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Within guild co‐infections influence parasite community membership: a longitudinal study in African Buffalo
- Henrichs, Brian, Oosthuizen, Marinda C., Troskie, Milana, Gorsich, Erin, Gondhalekar, Carmen, Beechler, Brianna R., Ezenwa, Vanessa O., Jolles, Anna E.
- The journal of animal ecology 2016 v.85 no.4 pp. 1025-1034
- Syncerus caffer, buffaloes, diagnostic techniques, hosts, longitudinal studies, mixed infection, models, parasites, polymerase chain reaction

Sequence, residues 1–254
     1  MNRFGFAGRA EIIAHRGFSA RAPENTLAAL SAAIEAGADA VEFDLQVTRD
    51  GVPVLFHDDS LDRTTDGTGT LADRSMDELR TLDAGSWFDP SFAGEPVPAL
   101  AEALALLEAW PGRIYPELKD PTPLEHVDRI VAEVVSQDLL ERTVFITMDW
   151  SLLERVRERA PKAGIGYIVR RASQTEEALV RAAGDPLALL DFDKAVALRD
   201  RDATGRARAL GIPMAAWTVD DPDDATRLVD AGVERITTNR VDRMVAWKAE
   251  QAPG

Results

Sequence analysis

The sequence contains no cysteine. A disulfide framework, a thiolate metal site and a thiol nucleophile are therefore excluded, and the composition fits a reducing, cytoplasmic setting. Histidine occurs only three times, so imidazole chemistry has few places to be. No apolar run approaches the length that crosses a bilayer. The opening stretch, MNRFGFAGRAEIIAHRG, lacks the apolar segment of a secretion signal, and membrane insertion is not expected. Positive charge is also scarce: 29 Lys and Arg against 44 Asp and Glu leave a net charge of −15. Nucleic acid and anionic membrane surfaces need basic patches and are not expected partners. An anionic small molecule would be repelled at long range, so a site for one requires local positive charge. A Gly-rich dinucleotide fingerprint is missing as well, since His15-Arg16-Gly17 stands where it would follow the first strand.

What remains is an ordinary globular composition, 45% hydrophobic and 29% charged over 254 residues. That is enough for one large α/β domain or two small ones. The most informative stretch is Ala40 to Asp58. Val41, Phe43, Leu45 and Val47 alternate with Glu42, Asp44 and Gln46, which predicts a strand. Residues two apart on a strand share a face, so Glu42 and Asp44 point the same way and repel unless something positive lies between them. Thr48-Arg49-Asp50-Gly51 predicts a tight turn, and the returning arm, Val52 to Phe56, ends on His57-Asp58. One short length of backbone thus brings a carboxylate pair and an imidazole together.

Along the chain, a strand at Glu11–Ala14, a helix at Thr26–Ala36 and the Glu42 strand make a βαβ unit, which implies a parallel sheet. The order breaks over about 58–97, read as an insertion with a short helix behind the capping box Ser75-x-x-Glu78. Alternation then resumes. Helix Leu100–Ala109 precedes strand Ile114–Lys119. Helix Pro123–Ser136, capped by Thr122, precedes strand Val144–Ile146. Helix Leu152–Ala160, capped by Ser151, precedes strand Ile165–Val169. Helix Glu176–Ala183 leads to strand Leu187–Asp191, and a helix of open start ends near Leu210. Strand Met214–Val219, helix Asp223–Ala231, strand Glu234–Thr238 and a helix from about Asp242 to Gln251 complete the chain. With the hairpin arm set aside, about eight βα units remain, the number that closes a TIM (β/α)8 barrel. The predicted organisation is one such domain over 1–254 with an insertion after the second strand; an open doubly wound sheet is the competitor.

- Experimental studies in laboratory settings have demonstrated a critical role of parasite interactions in shaping parasite communities. The sum of these interactions can produce diverse effects on individual hosts as well as influence disease emergence and persistence at the population level. A predictive framework for the effects of parasite interactions in the wild remains elusive, largely because of limited longitudinal or experimental data on parasite communities of free‐ranging hosts. This 4‐year study followed a community of haemoparasites in free‐ranging African buffalo (Syncerus caffer). We detected infection by 11 haemoparasite species using PCR‐based diagnostic techniques, and analyzed drivers of infection patterns using generalized linear mixed models to understand the role of host characteristics and season on infection likelihood. We tested for (i) effects of co‐infection by other haemoparasites (within guild) and (ii) effects of parasites infecting different tissue types (across guild). We found that within guild co‐infections were the strongest predictors of haemoparasite infections in the buffalo; but that seasonal and host characteristics also had important effects. In contrast, the evidence for across‐guild effects of parasites utilizing different tissue on haemoparasite infection was weak. These results provide a nuanced view of the role of co‐infections in determining haemoparasite infection patterns in free living mammalian hosts. Our findings suggest a role for interactions among parasites infecting a single tissue type in determining infection patterns.